“No child should be born with HIV”.
The powerful message made by First Lady, Amai Grace Mugabe, at the World Aids Day commemorations that Zimbabwe observed on December 1 at Garwe Stadium in Chivhu.
In a speech read on her behalf by Small and Medium Enterprises and Co-operative Development Minister Sithembiso Nyoni, the First Lady said because preventive treatment is readily available and accessible in the country, there was no reason why any baby should be born HIV positive.
“As a mother of the nation, I feel immensely pained to realise that some children are still being born with HIV or acquire it after birth and we eventually lose them,” said Amai Mugabe.
Amai Mugabe runs an orphanage in Mazowe and sometime last year lost one of “her children” from the home due to an Aids-related illness.
The sad news was disclosed by His Excellency President Mugabe.
He said the First Lady was bereaved when she lost one of the minors at the orphanage. She therefore, shows that she takes HIV issues with the gravity that they deserve.
Garwe Stadium was full to capacity with Chivhu community members from all walks of life, children from schools in Chikomba, invited delegates among them the United States Ambassador to Zimbabwe Mr Bruce Wharton, UN, World Health Organisation officials and the permanent secretary in the Ministry of Health and Child Care, Brigadier Gerald Gwinji.
Chief Mutekedza of Chikomba district also graced the occasion.
Amai Mugabe called on all mothers to have their children at heart and be united in the elimination of transmission of the HIV virus from the mother to the child.
“All mothers out there, let us unite and vow that no child must be allowed to be infected with HIV at a time there is adequate drugs to prevent HIV,” she said.
Amai Mugabe also spoke against any form of child abuse and called for the country’s courts to pass stiffer penalties on such perpetrators.
“Child abuse of any form is condemned and I call upon the relevant authorities to pass stiffer penalties which will act as a deterrent,” she added.
Amai Mugabe went on to applaud the new WHO guidelines which say that anyone HIV positive with a CD4 count of 500 must immediately commence ART.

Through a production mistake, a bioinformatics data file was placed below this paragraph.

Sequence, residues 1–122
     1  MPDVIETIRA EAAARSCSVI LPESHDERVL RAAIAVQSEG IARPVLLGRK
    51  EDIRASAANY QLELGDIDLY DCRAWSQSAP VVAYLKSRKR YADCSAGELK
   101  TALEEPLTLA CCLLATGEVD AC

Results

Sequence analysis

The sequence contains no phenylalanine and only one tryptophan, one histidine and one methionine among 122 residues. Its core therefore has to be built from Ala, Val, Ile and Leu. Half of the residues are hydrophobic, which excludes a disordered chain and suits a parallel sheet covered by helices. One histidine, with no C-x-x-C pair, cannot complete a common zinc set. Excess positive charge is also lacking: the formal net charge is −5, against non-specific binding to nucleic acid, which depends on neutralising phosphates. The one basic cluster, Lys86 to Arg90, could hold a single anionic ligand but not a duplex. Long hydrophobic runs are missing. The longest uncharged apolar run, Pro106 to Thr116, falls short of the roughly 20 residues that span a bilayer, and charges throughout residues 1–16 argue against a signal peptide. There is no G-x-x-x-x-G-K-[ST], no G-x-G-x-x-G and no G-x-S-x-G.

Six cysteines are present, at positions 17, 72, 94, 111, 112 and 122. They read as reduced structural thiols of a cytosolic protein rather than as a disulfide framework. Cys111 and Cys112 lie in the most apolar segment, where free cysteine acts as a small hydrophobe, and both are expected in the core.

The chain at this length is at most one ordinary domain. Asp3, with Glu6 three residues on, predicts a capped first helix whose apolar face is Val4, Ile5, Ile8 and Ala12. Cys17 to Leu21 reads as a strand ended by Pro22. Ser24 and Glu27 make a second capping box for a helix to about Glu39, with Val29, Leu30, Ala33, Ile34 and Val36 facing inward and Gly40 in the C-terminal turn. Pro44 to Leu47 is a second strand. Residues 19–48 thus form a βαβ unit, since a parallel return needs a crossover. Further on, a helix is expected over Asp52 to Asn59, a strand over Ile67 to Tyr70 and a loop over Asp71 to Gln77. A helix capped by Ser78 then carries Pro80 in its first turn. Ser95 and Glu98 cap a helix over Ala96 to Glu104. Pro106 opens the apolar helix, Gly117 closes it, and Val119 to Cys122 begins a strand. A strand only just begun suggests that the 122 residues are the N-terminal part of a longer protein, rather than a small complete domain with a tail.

The guidelines also say all pregnant mothers, irrespective of their CD4 count, must be commenced on highly active antiretrovirals (HAART) as a measure to prevent the unborn child from getting infected with the HIV virus. The baby is also exposed to the virus during birth and breastfeeding.
All children under five years found to be HIV positive would be commenced on ART. Also to be included on the early treatment regime are discordant couples (where one partner is HIV positive and the other is not) so as to protect the uninfected partner and for the health of the infected partner.
She said despite the limited resources, the country was committed to have everyone in need access ARVs.
“Although resources for HIV would be strained by the recent adoption of the WHO’s 2012 guidelines which increases the number of people in need of ARVs, the Government remains committed to ensure that all people in need of treatment receive the ARV medicines. I want to assure that all people in need of treatment will receive it,” she said.
Amai Mugabe called on the National Aids Council to make available the review of the Zimbabwe National AIDS Strategic Plan phase 2 (ZNASP2). The document states that the country is on course to achieving some of the AIDS targets. The PMTCT programme through the Ministry of Health is running successfully with partners like EGPAF, OPHID reaching out to 95 percent of expectant mothers.